Back to SummaryNaiming Fu - Student Advisor Profile
At the regional Stanford send-off event at home in Austin, Texas just before my freshman year, I heard several students and alumni emphasize that their abroad experiences were among their most memorable from Stanford, and it was truly an opportunity not to be missed. At the time it seemed like a possibility in my distant future, but I remembered the advice. As time went on I heard and learned more and more about the Bing Overseas Studies Programs at Stanford, and became particularly excited about applying to the program in Berlin. I was fortunate enough to be able to study with Stanford in Berlin during the spring quarter of 2008, and I had a once-in-a-lifetime experience.
I was initially a bit worried about the effects of interrupting my junior year engineering sequences, but when the time came I welcomed the change of pace from my full schedule of engineering courses. My time in Germany provided me with a well-deserved break from these classes, as well as the opportunity to jump right back into it with the Krupp Internship Program. During my quarter in Berlin, I took a course about Holocaust monuments and memorials that allowed me to explore some museums and sites in Berlin to a depth that I never would have been able to on my own. In addition, I was able to take an accelerated German language course with an exceptional teacher who improved our very basic German skills quickly.
I had only taken one quarter of German prior to coming to Berlin, and I was worried that I would be overwhelmed by the unfamiliar language. However, I found out why Berlin is the only overseas program that allows students to arrive with little or even no prior language study. The city is truly diverse and cosmopolitan, and Berliners are certainly used to having foreigners in their city. Many of them, especially the younger ones, are often even excited to be able to use their (usually very good) English with you. I had little difficulty getting by day-to-day while my German improved.
All members of the Stanford in Berlin staff were very helpful, helping us get acquainted with our new surroundings and providing assistance with any questions or problems we had. I also found the homestay setup to be ideal, providing us with some comforting elements of a host-family situation while still allowing us the freedom to explore the city as we pleased.
I arrived to a couple weeks of cold and rainy weather, but as spring arrived, I watched the city transform. The parks and Biergartens came back to life, and countless cafes and bars brought out their outdoor seating, where many people could be seen relaxing at any time of day. During my stay in Berlin, I had an extraordinary time absorbing the sights, culture, music, sports, and everything else Berlin had to offer. Among many other things, I discovered Berlin’s exciting nightlife, watched a pro tennis tournament, and even caught one of my favorite American bands while they were on a European tour. It was even better being able to share these experiences with the new friends I had made, including both Berliners and other students from our Stanford program. As students, we also greatly appreciated the relatively inexpensive cost of living in Berlin.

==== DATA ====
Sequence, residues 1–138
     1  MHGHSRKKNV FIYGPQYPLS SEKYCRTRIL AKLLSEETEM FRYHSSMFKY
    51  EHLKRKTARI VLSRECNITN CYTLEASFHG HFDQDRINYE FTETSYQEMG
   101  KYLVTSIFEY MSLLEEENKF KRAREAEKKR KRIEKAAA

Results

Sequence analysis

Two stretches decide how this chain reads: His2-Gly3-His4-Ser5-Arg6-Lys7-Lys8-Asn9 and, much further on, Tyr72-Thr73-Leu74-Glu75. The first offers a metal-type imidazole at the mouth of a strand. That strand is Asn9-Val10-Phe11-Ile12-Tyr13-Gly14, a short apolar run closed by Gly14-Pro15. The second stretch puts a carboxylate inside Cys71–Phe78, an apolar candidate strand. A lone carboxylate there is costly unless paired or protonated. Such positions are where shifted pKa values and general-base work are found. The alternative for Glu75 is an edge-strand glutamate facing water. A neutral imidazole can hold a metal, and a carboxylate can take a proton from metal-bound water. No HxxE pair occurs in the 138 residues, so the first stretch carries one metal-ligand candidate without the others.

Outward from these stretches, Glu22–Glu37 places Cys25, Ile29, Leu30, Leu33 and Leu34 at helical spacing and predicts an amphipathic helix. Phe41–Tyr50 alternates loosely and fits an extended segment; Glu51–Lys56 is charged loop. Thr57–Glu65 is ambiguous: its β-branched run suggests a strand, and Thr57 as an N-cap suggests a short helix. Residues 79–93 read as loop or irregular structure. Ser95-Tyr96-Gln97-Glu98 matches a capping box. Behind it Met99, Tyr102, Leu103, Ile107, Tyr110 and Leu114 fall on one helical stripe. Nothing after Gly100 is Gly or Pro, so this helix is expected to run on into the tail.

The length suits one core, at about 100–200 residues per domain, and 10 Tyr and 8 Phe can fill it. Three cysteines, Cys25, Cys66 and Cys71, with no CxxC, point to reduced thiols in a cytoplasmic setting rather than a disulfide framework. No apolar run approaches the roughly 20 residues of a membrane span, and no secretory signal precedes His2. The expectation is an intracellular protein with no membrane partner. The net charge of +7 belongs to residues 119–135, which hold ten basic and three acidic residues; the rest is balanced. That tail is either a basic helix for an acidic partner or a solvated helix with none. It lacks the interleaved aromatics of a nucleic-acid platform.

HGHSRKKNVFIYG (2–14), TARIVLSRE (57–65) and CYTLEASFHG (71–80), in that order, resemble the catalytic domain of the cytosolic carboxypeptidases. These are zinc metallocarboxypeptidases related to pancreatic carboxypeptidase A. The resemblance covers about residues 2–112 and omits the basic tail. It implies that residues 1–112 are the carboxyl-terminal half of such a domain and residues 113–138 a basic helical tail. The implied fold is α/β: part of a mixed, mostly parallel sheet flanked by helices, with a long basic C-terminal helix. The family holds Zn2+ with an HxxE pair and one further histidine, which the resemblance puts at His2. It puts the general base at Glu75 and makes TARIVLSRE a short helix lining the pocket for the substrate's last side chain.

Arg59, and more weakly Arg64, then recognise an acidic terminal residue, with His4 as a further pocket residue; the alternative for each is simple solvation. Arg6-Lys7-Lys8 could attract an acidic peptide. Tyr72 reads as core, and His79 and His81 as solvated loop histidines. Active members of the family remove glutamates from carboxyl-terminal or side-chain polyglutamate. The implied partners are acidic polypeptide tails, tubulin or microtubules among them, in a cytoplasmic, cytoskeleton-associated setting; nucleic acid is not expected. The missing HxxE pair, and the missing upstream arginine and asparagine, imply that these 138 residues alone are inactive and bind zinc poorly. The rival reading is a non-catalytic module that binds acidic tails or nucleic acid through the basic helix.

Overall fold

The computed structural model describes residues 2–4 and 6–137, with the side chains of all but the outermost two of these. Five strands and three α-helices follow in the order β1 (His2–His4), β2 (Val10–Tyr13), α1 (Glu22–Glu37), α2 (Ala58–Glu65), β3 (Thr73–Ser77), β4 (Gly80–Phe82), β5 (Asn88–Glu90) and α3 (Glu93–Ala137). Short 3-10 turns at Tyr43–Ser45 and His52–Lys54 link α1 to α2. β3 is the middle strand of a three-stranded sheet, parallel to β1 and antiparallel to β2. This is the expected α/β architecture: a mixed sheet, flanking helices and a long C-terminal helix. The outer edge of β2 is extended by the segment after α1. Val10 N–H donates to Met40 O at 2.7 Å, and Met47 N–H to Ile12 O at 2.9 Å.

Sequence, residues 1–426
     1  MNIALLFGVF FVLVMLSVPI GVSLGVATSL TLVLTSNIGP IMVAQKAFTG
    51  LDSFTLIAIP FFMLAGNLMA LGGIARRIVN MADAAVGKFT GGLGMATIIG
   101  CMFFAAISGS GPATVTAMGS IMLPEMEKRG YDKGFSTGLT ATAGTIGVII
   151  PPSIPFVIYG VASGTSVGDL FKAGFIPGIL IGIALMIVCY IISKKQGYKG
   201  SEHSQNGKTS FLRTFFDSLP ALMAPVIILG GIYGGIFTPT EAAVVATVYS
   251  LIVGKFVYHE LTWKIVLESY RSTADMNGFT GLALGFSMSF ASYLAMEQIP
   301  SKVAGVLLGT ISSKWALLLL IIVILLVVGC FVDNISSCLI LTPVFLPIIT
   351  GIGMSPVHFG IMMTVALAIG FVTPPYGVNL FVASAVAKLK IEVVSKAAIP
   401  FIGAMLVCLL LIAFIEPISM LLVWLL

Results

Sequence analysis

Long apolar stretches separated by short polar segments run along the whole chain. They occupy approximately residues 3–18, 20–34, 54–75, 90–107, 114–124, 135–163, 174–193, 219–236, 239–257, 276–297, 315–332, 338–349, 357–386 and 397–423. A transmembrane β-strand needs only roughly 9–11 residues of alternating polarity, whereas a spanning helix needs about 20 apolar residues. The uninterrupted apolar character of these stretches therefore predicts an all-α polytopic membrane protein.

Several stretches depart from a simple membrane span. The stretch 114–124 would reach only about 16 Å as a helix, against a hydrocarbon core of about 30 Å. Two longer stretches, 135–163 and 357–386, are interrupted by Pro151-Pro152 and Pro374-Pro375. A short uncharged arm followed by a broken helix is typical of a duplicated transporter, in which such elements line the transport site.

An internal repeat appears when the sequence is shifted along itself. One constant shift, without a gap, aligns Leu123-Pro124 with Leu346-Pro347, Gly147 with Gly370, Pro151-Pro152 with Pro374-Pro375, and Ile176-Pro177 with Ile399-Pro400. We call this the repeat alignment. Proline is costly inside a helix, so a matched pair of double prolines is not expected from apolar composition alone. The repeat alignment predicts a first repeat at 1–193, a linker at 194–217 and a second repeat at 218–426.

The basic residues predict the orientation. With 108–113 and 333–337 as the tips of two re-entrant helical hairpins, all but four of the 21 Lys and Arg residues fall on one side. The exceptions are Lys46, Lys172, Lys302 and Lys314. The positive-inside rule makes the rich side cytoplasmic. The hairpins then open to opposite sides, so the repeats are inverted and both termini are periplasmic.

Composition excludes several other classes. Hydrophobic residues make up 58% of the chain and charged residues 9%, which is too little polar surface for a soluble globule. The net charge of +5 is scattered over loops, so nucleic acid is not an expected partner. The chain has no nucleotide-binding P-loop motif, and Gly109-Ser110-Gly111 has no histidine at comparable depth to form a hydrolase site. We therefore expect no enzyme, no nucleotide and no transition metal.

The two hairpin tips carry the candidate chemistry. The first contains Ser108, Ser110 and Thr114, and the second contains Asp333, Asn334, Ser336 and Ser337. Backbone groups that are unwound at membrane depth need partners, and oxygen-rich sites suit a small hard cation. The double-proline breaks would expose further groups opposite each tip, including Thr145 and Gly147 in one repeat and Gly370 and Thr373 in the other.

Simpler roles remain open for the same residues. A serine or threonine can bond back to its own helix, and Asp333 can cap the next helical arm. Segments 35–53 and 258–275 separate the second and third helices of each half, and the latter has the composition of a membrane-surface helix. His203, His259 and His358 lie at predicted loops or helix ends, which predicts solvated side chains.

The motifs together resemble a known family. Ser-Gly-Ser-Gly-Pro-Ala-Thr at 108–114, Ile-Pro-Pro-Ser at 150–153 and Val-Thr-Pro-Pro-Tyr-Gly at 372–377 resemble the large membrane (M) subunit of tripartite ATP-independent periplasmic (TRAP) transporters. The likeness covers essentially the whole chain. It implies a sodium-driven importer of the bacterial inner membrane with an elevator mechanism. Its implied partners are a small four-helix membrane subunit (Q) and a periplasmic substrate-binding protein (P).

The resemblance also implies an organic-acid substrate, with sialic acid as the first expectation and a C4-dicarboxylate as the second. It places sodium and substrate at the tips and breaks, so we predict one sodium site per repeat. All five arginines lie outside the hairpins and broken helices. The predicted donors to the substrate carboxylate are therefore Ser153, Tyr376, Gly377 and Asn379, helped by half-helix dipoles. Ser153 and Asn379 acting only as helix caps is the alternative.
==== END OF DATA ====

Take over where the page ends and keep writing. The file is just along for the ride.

As this was my first time in Europe, I naturally made an effort to take advantage of my extended stay to visit other locations on the continent. The quarterly Will
trip brings the entire group to a developing EU country or candidate, in order to teach us about European destinations that we would be unlikely to visit as tourists. In the spring we visited Warsaw, Poland, and it was indeed interesting to see a different side of Europe. I also managed to squeeze in trips to Prague, Paris (and the French Open), and Barcelona by utilizing some convenient long weekends as well as the breaks before and after the quarter. These trips were definitely unforgettable, and I really enjoyed the ease of mobility around the Europe and the ability to access so many different places and cultures.
I spent my summer in the city of Magdeburg, doing an internship with our Krupp Internship Program. This former East German city is very different from Berlin, but with a quarter in Germany already under my belt, I was able to quickly adjust to my new temporary home. I gained some very valuable engineering experience, made some new friends, and got to know a whole different side of Germany. I was able to meet up with other Krupp interns and take some great
weekend trips within Germany, and I also managed to visit my friends back in Berlin a couple times as well. Spending a summer on my own and working in a very foreign environment was both very challenging and very fulfilling, and I feel fortunate to have been able to get two very different experiences and live in two different cities during my stay in Germany.
My experience abroad was incredible, and it is amazing for me to think of all the things that I was able to see and do in only six months. Studying abroad is sure to provide many totally new and unique experiences, and it is an option that I definitely recommend all Stanford students to consider. And for those who choose to go abroad, I believe Berlin is a great destination. The Stanford in Berlin program is a great academic experience, you have the chance to extend your stay with a great internship abroad, and the city itself is fun, exciting and a perfect place for college students. To be able to call Berlin your second home is an opportunity not to be missed.